Commenting on the Care Act which received Royal Assent last week, Bruno Geiringer of Pinsent Masons, the law firm behind Out-Law.com, said that the changes could lead to a new market for insurance and pensions products aimed at helping people provide for future care costs.
"Having hosted an industry conference in our offices earlier in the year on social care aimed at indentifying whether there might be a market for social care insurance products, we very much welcome the enactment of the new Care Act and will be looking to work with the life and pensions industry if they want to develop new products and advice solutions," said Geiringer
The Care Act will cap the local authority care costs for those over state retirement age at £72,000, but those with assets over £118,000 will have to pay for their own care. A study has suggested, though, that only 8% of men and 15% of women would reach the thresholds for the cap. The cap will not include daily living expenses or top-up fees above the amount the local authorities are willing to pay.
"For these expenses and the self-funders, this is where the product providers might be able to fill the gap as these costs could be very high. The problem today is that many people have other savings priorities and some do not consider that they will ever have a need to be cared for. Others believe that the state will provide for them if they do. As a result, it is by no means clear that there will be a market for specific social care costs products," said Geiringer.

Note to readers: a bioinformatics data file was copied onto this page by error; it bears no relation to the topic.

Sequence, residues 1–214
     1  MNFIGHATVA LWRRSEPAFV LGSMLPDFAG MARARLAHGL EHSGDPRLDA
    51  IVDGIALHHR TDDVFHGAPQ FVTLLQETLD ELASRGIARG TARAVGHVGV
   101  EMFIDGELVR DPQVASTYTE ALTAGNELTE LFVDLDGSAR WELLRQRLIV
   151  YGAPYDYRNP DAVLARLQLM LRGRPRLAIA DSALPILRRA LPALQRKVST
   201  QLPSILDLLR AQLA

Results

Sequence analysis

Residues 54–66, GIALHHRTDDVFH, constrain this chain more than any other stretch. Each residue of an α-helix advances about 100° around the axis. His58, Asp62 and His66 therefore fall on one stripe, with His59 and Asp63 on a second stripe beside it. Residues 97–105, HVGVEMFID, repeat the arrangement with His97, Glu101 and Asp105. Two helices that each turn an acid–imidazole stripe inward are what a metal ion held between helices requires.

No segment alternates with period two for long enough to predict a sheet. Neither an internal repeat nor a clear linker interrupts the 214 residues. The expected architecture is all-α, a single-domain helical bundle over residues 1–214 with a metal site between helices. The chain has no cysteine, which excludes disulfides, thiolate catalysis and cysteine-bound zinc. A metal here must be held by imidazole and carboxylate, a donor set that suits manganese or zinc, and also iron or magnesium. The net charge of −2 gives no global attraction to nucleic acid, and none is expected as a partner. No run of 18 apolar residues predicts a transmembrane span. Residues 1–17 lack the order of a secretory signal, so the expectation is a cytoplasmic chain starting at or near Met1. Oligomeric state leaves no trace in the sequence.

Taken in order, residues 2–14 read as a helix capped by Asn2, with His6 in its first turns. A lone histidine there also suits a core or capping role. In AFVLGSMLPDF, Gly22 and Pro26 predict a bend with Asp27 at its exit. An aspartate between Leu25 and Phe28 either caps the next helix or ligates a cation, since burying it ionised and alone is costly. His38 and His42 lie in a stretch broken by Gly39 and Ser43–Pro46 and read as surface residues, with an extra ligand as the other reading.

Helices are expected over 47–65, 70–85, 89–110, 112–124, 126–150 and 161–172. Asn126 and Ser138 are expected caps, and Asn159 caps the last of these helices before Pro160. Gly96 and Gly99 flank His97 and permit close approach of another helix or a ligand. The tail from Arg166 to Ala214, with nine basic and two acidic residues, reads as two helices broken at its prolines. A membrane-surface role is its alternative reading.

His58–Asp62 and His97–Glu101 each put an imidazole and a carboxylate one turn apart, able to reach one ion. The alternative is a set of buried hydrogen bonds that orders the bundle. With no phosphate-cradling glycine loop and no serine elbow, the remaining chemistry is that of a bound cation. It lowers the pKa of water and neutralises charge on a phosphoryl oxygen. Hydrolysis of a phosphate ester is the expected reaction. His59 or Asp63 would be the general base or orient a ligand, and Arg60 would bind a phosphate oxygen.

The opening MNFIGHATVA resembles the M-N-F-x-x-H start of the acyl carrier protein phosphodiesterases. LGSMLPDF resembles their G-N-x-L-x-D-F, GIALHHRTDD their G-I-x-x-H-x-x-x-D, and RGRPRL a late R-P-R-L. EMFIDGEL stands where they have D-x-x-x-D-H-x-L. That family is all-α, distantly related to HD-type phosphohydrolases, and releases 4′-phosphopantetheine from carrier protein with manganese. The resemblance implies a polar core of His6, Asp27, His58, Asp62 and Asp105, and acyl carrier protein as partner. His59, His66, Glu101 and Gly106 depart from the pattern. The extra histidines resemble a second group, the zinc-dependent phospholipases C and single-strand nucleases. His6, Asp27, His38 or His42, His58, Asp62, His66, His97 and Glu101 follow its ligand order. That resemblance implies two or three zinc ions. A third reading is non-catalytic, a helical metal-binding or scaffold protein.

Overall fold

A number of proposals have recently been made looking at ways in which pension-style savings could be used to cover the cost of social care. The Institute and Faculty of Actuaries has proposed the creation of a care-specific savings pot that would operate in tandem with pensions saving and would be tax free, but critics have said that it is unrealistic to expect people to save more when existing pensions saving is not sufficient, and have said that people are unlikely to be able to know earlier in life how to apportion savings between pensions and care plans. Also, the pension pot would not be available until aged 55 if they needed it earlier.
Thinktank the International Longevity Centre last year proposed the creation of pension care savings bonds, a cross between premium bonds and national savings certificates where each bond would be entered into a regular prize draw and winnings could be added to the fund. This idea has been criticised as unworkable because people will not wish to consider social care costs that early in their lives.
Although a tax incentive specifically for contributions into social care products is unlikely to be provided by the government in current circumstances, there are other solutions available today to meet the needs in this area, said Geiringer.